Friday, September 08, 2006

so why DO we need secret prisons overseas if they are legitimate?

Writing about de facto President Bush's speech where he admitted we had secret prisons overseas, Eugene Robinson asked "If the secret prisons where U.S. agents interrogated "high-value" terrorism suspects with "alternative" techniques are so legitimate and legal, if they're so fully consistent with American values and traditions, then why are they overseas?" today in a column I wish I'd written. An excerpt (but read the whole thing):
Why not hold the suspects, say, in one of the many super-secure facilities in and around Washington? They would be much more accessible to the CIA, the FBI, the Pentagon and any other agency that wanted a crack at them. And since al-Qaeda is already determined to attack the United States, why even risk creating potential problems for loyal overseas allies? Why not interrogate America's deadliest enemies on American soil?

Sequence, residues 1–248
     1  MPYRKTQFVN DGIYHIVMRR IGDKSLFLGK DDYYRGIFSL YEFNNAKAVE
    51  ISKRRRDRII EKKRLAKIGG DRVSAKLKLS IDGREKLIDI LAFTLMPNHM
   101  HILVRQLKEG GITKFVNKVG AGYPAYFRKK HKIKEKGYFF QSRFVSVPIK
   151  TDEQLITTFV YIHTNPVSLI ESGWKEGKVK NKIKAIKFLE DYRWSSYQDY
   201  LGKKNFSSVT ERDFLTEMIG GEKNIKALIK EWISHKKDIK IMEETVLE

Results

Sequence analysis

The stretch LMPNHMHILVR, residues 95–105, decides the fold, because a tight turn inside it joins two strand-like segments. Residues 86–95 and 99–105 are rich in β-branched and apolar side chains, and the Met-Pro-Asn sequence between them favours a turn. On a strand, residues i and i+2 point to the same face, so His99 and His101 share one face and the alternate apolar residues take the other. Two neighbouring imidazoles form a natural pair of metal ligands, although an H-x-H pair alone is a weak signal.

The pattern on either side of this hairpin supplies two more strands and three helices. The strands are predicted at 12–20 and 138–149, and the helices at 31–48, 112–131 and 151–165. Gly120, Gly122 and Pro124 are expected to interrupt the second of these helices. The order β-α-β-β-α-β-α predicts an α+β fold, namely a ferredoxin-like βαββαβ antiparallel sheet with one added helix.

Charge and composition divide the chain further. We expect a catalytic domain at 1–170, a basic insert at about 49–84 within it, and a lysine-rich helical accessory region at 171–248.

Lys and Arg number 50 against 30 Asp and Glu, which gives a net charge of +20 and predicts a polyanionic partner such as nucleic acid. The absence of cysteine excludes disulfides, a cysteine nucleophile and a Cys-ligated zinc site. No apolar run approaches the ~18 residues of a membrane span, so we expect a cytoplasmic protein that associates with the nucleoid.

Since the president didn't address this question, I'll try. The only reason that makes any sense to me is that the Decider wanted to put his secret prisons beyond the reach of U.S. courts. I think the president and his lawyers knew from the beginning that detaining suspects indefinitely and wringing information out of them with methods that international agreements define as torture -- "an alternative set of procedures" was the president's delicate euphemism -- wouldn't amuse even the most law-and-order federal judge.
Robinson also noted that keeping the prisons secret was to protect the host governments (Poland? Rumania?) from being embarrassed and from avoiding harsh denunciation and probably mass demonstrations from their own publics.

Robinson also pointed out what the President for some reason failed to note:
Those 14 most-wanted terrorists who were kept in the secret prisons? As far as we know, not a single one was captured in Iraq.


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